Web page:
Bionic Breakthrough the Prosthetic Arm Amputees can Control with their Mind

A brilliant research team has just successfully created the world’s first prosthetic that obeys the commands given to it from the user’s mind.

Northwestern University scientists in Evanston, Illinois are researching how different patterns of brain activity interact with the central nervous system and can be utilized to maneuver artificial limbs. From that research they have successfully invented the first thought-controlled bionic limb.

The technology of prosthetics that an amputee can control with the mind has been worked on for almost two decades.

Headway has been made over the years with mind-controlled computer interfaces and nerve impulse interactions with various artificial limbs. Robotics research has also made contributions, as well as neurological investigations that have been undertaken while researching ways to improve artificial intelligence and make it mimic the human mind.

But Jesse Sullivan—the man with the first thought-controlled bionic arm—is really only thrilled that it works. The leap in technology also comes with the added advantage of a greater range of motion.

Speaking at the Society of Neuroscience conference in San Diego, California, Nate Bunderson—the presenter of the university team’s research paper, said, “If you transfer the nerves [from the amputated stump] to healthy muscles, then you can amplify the brain signals used to control the arm. We can use those signals to control the device.”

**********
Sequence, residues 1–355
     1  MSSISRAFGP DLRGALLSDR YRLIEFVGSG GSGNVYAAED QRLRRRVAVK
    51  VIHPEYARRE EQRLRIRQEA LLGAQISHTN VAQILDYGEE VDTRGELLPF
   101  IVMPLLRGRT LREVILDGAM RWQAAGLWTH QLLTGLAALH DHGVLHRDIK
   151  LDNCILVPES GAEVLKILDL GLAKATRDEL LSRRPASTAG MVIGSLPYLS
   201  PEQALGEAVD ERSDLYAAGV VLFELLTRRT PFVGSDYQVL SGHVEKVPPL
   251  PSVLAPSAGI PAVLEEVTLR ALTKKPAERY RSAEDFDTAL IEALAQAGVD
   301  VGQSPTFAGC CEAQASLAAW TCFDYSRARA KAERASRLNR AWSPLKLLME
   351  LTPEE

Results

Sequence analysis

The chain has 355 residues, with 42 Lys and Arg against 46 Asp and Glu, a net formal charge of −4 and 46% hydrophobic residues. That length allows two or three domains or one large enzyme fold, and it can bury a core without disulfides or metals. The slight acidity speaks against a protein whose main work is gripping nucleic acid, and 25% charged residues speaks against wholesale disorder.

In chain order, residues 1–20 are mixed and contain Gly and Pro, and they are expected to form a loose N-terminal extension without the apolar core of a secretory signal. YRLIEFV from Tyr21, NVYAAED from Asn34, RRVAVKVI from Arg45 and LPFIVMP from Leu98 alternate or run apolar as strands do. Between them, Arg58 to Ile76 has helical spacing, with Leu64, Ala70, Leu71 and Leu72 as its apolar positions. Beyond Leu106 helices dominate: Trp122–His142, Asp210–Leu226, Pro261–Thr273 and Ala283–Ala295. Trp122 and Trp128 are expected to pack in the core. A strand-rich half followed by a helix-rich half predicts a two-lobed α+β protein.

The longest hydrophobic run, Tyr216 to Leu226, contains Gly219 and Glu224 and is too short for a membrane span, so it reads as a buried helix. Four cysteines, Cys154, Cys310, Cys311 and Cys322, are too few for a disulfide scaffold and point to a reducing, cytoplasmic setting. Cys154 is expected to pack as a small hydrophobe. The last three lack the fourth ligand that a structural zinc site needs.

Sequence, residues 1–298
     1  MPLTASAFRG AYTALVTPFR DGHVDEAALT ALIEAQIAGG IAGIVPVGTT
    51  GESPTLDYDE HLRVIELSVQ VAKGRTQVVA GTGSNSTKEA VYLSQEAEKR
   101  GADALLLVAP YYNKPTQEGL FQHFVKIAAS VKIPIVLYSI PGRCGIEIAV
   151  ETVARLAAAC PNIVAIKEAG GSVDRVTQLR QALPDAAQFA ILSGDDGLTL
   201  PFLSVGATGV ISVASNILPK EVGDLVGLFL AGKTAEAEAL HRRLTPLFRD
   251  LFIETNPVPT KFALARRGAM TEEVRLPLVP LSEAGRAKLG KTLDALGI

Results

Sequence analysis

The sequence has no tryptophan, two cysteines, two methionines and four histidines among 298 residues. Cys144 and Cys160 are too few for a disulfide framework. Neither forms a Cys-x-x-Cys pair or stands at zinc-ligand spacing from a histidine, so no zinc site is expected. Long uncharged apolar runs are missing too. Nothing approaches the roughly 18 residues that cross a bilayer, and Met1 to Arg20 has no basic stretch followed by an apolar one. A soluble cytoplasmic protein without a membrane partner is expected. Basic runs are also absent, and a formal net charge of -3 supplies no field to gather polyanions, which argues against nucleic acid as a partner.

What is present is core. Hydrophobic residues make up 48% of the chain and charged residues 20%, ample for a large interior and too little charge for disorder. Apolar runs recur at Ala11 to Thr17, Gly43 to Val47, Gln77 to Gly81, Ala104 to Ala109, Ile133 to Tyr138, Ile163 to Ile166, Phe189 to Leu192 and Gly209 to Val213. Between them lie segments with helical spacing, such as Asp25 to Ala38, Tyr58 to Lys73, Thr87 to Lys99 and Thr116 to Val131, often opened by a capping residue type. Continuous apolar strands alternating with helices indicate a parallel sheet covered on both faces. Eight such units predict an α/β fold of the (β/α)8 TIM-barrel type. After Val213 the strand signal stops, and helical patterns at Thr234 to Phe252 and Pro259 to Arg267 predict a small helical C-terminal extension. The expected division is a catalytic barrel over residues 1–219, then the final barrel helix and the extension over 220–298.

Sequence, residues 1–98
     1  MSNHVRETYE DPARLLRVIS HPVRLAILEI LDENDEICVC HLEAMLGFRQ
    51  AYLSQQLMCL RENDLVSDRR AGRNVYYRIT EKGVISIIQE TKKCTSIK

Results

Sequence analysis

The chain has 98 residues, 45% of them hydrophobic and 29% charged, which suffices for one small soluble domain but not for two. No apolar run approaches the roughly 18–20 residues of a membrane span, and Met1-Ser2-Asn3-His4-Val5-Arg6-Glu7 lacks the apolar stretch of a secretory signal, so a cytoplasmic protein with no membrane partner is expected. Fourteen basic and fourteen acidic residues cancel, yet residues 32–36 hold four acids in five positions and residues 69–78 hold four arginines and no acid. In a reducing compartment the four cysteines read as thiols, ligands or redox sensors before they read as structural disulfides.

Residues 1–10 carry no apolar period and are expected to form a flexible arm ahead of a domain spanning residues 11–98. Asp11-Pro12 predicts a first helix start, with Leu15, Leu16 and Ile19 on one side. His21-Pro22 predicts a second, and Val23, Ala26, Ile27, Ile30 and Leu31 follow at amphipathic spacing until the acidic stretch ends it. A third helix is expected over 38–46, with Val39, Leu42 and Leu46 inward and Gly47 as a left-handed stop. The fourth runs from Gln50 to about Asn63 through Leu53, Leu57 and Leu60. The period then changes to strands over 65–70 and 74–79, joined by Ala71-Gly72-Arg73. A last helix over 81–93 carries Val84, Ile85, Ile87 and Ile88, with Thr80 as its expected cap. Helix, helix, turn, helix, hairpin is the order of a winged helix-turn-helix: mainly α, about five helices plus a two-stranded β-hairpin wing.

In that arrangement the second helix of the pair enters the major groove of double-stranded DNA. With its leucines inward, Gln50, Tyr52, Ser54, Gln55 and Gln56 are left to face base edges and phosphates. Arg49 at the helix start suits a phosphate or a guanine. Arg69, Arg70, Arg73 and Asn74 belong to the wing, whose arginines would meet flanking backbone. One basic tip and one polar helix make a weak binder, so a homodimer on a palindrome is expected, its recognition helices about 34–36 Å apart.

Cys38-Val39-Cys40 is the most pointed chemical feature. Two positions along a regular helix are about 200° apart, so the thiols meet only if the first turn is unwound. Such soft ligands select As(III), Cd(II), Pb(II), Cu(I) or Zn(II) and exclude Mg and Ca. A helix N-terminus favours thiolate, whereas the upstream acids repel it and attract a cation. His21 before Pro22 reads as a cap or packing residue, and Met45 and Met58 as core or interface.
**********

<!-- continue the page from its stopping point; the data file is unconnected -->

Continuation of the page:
The scientists did just that with Sullivan. Nerves that had once been connected to the amputated arm were re-routed to his chest muscles. By simply thinking about moving his chest muscles, the nerve signal is transmitted to the bionic arm via a tiny computer that reads the impulses, translates them, and activates the prosthesis with the corresponding reactions.

The technology works because earlier research revealed that nerves continue operating for a significant period of time beyond an amputation. In the past, research with amputee nerve cells showed they gradually became inactive and deteriorated. The team believed this was caused simply by lack of use.

It seems they were correct in their deductions as Sullivan’s nerve signals continue to strengthen and all the nerve cells are remaining active and healthy.

Although the exact reason has not yet been established, Bunderson believes the signal strengthening might be nothing more remarkable than the brain successfully adapting itself to the new neural pathways.
“Instead of having muscles interpret the neural command,” he said, “we now have a computer trying to interpret the neural command and the brain has to adjust to that.”

Plans are underway to make the advanced technology available to more amputees.